iFAST and Charles Schwab

Charles Schwab history and development hints at a bright future for iFAST, one of the larger positions in my portfolio.

Both companies sell funds and stocks at a low price and succeeded in gathering more assets and clients.

Take a look at how Charles Schwab has grown over the years.

  1. Charles Schwab disrupted the industry by selling stocks at a low commission.
  2. Charles Schwab used technology to offer lower prices and increase profit margins.
  3. Scope and scale grew with the company selling more products such as unit trusts and a back-end platform for financial advisors.
  4. Network effects resulted in a deeper moat and a virtuous cycle as the company’s attractive prices attracted more clients which attracted more suppliers.
  5. More transactions with Charles Schwab resulted in clients leaving more cash in their account allowing Charles Schwab to earn net interest income.
  6. Net interest income currently makes up more than 50% of Charles Schwab revenue while operating margins have expanded to 45% in 2018 from 19.5% in 1997

This quote from the Ensemble Fund letter explains how net interest income and not trading commissions are a “secret weapon” for Charles Schwab .

In essence, Schwab, the brokerage and advisory company, is able to offer clients great service and great prices on its explicit cost AUM and brokerage services that clients are price sensitive about and winning them over as customers. It then makes its money on the implicit opportunity cost clients bear in the form of uninvested tactical cash balances that are automatically swept into the Bank to drive incremental profit margins and shareholder returns. While the AUM business charges a fee based on the amount of assets managed, the Bank makes a spread of about 200bps between the interest rate it pays on deposits and what it earns investing that client cash in generally safe government and corporate securities. As a result, though assets in the Bank amount to 10-15% of total assets under management, they earn 20x as much as the AUM business on a per customer dollar basis with low incremental cost. The result of this fantastically complementary business are happy customers and happy shareholders.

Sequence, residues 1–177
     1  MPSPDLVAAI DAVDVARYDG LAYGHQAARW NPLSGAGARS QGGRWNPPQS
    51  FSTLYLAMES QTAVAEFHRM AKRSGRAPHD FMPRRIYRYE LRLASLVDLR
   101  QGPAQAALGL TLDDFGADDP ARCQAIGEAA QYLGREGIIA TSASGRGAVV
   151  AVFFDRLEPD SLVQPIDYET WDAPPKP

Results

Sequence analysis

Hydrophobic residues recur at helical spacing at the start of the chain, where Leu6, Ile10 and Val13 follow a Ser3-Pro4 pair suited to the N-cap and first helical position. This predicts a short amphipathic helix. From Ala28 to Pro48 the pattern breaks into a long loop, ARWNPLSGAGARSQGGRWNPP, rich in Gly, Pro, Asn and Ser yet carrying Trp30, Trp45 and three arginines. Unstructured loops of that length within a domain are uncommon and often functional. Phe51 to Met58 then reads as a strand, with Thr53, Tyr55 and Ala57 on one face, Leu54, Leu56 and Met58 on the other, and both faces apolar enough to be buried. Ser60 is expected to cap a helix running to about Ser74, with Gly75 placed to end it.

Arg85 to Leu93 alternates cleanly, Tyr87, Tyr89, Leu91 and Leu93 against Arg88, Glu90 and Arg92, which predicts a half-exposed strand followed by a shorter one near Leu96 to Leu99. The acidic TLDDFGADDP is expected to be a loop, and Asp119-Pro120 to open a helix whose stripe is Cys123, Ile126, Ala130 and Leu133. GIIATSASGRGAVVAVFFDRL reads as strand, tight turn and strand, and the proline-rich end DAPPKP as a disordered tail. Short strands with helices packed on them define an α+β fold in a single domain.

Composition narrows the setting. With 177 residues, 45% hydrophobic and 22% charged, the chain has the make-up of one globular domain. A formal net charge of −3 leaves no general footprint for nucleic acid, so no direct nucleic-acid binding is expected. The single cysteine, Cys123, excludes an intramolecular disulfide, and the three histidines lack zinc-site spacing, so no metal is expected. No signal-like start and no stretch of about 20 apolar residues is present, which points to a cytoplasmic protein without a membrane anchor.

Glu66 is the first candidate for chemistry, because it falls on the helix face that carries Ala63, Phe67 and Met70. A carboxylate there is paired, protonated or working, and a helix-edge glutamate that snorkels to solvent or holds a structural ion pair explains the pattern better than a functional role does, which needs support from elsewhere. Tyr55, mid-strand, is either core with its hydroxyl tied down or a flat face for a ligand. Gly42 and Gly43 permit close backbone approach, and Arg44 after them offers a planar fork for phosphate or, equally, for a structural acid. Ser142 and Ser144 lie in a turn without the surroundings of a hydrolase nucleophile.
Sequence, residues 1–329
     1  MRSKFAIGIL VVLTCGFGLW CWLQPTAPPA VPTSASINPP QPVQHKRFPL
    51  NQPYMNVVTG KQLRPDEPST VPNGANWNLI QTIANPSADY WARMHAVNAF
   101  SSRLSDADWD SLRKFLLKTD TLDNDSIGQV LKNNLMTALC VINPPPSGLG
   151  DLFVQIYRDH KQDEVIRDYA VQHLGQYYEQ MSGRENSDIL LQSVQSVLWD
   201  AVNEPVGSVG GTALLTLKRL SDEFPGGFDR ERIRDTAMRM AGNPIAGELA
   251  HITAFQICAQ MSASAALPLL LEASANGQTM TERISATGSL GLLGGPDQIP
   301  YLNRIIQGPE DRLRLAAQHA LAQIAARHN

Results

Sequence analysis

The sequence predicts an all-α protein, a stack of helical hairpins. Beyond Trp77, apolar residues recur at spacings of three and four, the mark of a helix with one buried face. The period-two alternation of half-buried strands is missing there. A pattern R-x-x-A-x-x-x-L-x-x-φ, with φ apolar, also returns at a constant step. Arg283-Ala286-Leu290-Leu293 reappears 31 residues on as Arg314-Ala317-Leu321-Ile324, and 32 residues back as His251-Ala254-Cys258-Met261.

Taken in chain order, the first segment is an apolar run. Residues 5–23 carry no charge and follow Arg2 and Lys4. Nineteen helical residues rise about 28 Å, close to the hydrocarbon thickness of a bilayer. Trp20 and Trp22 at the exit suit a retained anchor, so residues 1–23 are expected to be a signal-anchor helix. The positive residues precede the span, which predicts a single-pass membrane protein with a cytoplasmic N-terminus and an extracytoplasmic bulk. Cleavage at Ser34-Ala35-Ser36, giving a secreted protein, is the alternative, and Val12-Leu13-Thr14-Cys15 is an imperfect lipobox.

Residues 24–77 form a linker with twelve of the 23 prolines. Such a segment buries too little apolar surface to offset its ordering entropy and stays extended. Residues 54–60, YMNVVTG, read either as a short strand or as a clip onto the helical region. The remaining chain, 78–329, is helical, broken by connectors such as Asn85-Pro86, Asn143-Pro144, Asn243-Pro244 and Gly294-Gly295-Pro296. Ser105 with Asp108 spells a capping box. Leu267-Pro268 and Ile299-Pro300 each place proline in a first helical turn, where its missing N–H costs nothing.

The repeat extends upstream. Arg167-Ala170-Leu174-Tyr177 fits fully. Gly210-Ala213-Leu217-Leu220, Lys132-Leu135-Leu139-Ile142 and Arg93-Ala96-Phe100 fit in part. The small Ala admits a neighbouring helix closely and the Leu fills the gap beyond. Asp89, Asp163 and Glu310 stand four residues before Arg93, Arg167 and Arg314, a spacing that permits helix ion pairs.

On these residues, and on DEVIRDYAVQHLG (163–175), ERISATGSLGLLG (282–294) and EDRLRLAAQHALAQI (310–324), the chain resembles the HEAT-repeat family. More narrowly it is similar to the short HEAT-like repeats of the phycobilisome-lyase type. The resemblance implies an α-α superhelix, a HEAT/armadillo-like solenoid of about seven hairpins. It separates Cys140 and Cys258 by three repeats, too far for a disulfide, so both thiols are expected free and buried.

The similarities between Charles Schwab and iFAST are striking.

  1. iFAST disrupted the industry by selling funds at a low commission.
  2. iFAST used technology to offer lower prices and increase profit margins.
  3. Scope and scale grew with the company selling more products such as stocks, bonds and a back-end platform for financial advisors.
  4. Network effects resulted in a deeper moat and a virtuous cycle as the company’s attractive prices attracted more clients which attracted more suppliers.
  5. More transactions with iFAST resulted in clients leaving more cash in their account allowing iFAST to earn net interest income.
  6. Net interest income made up 6% of iFAST revenue in 2018 while pretax margins have grown from 15% in 2016 to 20.7% in 2018.

The resemblance between iFAST and Charles Schwab ends here because net interest income currently makes up a small part of iFAST revenue. Growing net interest income contributions will be crucial. Net interest income is counter-cyclical (people hold more cash when they are scared) and reduces reliance on volatile unit trust fees. If iFAST can continue attracting more client assets, the company’s net interest income and profit margins should naturally expand as well.

iFAST reports results on 31 October but revenue and net profit trends are likely to be ugly because of volatile markets. Instead, focus on iFAST’s ability to gather assets under administration because that will determine its ability to earn recurring fees. iFAST is trading at 28.9x trailing earnings and 19.1x trailing earnings excluding China losses.

 

 

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